The first comparison driving test involving the new BMW M3 GTS has been published by German magazine AutoBild. The opponent? Porsche’s own star, the 911 GT3 RS.
Before the showdown, AutoBild spent some time with the two cars, examining their strengths and weaknesses. The GTS impressed the editor Joerg Maltzan, not only because of his aggressive Orange Fire painting, but also because of the 8,000 rpm redline found in the GTS.
Moving onto the Porsche, the magazine was fond of the exterior visual elements, an aggressive front spoiler and a large, stationary rear wing, and last but not least, the large 19-inch wheels.
BMW’s elaborate GTS suspension and stiff body have also impressed them: “rich, peaceful, neutral and precise steering response. Even without electronic assistance, [the M3 GTS] remains at a manageable level.”
On the other hand, the Porsche 911 GT3 RS delivered some great braking performance, due to its nearly 9,000 euros ceramic brake system.
The GTS is not only larger, but also more difficult to handle. The car offers 450 horsepower at 1538 kg curb weight (factory claim 1530 kg), while the Porsche with the same 450 horsepower only weighs 1400 kg (1370 factory specification). Whether during acceleration, braking or cornering, the German editor continues to point out the higher weight of the GTS.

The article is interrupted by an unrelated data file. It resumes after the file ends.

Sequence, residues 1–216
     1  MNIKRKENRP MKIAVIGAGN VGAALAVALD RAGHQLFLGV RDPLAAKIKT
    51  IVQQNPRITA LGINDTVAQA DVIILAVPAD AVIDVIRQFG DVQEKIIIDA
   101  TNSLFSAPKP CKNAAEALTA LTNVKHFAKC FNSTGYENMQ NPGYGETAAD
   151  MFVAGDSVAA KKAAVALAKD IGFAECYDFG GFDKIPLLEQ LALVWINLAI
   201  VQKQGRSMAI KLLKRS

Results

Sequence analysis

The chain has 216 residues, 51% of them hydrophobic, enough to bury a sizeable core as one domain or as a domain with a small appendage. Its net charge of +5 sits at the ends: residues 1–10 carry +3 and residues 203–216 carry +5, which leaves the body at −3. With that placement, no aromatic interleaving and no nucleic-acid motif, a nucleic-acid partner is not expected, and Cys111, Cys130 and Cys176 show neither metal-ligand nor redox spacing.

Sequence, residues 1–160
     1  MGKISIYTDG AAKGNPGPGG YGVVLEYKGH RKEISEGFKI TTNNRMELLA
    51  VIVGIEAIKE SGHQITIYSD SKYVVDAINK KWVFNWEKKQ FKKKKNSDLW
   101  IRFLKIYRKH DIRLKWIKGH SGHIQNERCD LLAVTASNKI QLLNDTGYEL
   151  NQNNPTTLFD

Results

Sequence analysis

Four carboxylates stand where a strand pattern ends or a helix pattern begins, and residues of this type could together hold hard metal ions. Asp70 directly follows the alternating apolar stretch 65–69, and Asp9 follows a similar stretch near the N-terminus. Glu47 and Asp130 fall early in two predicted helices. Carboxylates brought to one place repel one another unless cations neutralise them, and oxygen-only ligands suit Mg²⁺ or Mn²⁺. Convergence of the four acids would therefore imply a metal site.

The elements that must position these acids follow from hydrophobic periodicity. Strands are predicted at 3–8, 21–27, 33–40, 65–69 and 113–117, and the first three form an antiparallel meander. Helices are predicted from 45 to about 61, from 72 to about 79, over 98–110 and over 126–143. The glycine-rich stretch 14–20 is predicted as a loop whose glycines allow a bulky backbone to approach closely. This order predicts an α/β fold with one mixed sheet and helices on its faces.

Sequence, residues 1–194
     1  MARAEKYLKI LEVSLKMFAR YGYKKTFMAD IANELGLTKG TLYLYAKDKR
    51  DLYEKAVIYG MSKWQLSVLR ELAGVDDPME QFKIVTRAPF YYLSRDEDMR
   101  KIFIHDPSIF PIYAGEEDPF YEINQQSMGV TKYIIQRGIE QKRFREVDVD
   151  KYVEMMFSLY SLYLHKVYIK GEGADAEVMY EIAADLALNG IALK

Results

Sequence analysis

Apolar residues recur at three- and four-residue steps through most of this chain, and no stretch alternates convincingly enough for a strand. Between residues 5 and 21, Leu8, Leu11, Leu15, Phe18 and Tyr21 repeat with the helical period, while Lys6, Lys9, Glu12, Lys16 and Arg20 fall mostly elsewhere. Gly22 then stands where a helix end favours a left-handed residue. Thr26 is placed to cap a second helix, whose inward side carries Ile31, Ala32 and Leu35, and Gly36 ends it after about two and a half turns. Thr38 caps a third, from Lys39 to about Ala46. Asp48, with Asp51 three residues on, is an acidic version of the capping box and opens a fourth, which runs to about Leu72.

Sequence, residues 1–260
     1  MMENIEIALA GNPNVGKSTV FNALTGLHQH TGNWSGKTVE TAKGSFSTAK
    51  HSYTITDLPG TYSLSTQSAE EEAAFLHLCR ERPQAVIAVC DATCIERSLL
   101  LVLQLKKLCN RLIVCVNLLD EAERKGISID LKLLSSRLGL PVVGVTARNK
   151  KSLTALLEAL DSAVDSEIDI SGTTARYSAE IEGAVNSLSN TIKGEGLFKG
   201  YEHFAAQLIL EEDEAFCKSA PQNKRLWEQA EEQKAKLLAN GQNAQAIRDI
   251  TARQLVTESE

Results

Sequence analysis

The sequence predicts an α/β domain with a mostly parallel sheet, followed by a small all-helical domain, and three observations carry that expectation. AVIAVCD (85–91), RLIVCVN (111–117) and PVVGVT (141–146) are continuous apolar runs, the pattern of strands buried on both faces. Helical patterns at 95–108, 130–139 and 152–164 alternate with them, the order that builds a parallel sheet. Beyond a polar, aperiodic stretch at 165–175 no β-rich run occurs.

Performance wise, the Porsche accelerates from standstill to 100 km/hr in 3.7 seconds, while the M3 GTS stops the clock at 4.6 seconds. The gap becomes wider at 200 km/hr where the Porsche is 2.0 seconds faster.
Unofficial numbers show a far smaller gap between the two cars, as outlined below by AutoBild:
BMW E92 M3 GTS
Curb weight work: 1.530 kg
Curb weight car picture: 1538 kg
Acceleration 0-100 km / h manufacturer: 4,4 s
Acceleration 0-100 km / h Auto Bild: 4.6 s
Vmax work: 305 km / h
Vmax Auto Bild: 305 km / h
Porsche 911 GT3 RS
Curb weight work: 1.370 kg
Curb weight car image: 1.400 kg
Acceleration 0-100 km / h manufacturer: 4,0 s
Acceleration 0-100 km / h Auto Bild: 3.7 s
Vmax work: 310 km / h
Vmax Auto Bild: 330 km / h
A our sister-magazine BimmerToday points out, there are still many unknown variables in this test drive, from the factory prepared cars for the drive to the performance work done to the 911.